David Thom is anti-coordinated trash and anti-alley-plowing and if he has any other stances he doesn’t have them on his Facebook page, which is his only website. He did send in a response to that PiPress candidate guide. In response to the question “what qualifies you to hold this position?” he responded “1) Over 21 on 1/2/2020. 2) Resident of Ward 7 for 30 days before election. 3) Eligible to vote. These are the only requirements required to hold this office. Not a lawyer not a politician. Just an ordinary citizen that has owned a house in St. Paul and lived there for 42 years. I will represent the people. I owe no political favors and give none.”

I mean, he’s not wrong that those are the only requirements to hold the position, and possibly they should have asked instead “what makes you more qualified to hold this position than your opponents, all of whom are also over 21, residents of Ward 7, and eligible to vote,” although most candidates filling out questionnaires like this kind of get that this is implied.

Anyway, David Thom strikes me as a classic crank and I would not vote for him.

Overall: I disagree with a number of Jane Prince’s votes and would have been open to endorsing one of her opponents — but the people of Ward 7 deserve a representative who will be responsive to their concerns, whatever they are. I would prefer to be represented by someone who I disagreed with some of them but who acted as though she felt accountable to me (and to my surrogates at the Pioneer Press and the LWV), over being represented to someone who voted my way more often but was not available, transparent, or accountable.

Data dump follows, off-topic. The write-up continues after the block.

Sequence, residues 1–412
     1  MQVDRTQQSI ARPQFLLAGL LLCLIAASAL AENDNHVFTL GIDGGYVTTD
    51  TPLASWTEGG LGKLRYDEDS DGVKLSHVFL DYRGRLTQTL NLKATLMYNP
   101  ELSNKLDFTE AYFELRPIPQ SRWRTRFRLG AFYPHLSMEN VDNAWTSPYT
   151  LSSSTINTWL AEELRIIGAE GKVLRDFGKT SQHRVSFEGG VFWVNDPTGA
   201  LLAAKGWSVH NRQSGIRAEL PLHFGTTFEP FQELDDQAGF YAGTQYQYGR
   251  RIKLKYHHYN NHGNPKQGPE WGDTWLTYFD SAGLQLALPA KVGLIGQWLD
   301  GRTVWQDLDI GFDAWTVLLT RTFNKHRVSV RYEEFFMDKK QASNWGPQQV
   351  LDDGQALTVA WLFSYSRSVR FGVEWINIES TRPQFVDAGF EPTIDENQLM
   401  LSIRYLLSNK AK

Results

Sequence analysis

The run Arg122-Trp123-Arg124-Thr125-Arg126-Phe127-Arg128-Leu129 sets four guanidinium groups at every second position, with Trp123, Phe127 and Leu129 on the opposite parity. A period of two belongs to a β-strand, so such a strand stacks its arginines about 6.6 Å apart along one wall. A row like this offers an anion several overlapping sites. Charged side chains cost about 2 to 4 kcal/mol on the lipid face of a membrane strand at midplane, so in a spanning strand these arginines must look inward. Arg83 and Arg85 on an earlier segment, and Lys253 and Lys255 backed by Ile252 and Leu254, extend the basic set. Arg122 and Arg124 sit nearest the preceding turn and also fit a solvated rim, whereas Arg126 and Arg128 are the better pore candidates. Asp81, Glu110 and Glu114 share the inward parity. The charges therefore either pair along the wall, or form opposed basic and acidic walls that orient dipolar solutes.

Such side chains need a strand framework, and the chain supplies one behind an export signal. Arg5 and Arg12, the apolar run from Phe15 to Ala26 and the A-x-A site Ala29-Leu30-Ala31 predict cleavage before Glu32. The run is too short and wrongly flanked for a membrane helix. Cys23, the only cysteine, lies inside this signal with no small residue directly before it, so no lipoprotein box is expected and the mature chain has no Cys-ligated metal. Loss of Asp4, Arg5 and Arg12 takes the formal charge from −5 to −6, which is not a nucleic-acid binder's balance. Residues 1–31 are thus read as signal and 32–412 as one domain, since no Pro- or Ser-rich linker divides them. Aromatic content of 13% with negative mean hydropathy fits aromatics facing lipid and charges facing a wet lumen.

If this were a partisan race and it was a choice between a responsive Republican (lol) or an unresponsive Democrat, I’d suck it up and choose the Democrat, but this is a nonpartisan race, Jane Prince is a Democrat (she even has the DFL endorsement), and the topics on which I disagree with her are things like “what is the best way to provide affordable housing in the City of Saint Paul” — our principles are aligned, I respect her positions, and we differ on some of the specifics.

If I lived in Ward 7, I would list Jane Prince first, Mary Anne Quiroz second.

If you’re finding these useful and would like to make sure I know how much you value my work to help keep me motivated, I have two options for you this year. I have a novel coming out in November, CATFISHING ON CATNET, which you can pre-order. Also, you may remember that last year I linked people to a couple of fundraisers on DonorsChoose for Minneapolis teachers — there was one, in particular, who was raising money to take fifth-grade students at Green Central Park School to Wolf Ridge Environmental Center. My readers really came through for her, and her students were able to make the trip, which is amazing. She has another class of fifth graders, and is fundraising again for another trip. It would make me very happy if my readers supported this project.



1 thought on “Election 2019: St. Paul City Council, Ward 7

  1. Thanks for your reports. I gave a little to Ms Mosher’s cool project. Barbara

    On Sun, Oct 27, 2019 at 10:42 PM Will Tell Stories For Food wrote:

    > naomikritzer posted: “We’ve made it to the last ward! I think (unless > there’s a special election somewhere I’ve overlooked) that this is a wrap, > the last of the elections in Minneapolis (which has 0 elections) and St. > Paul (which has the City Council, the school board, and the” >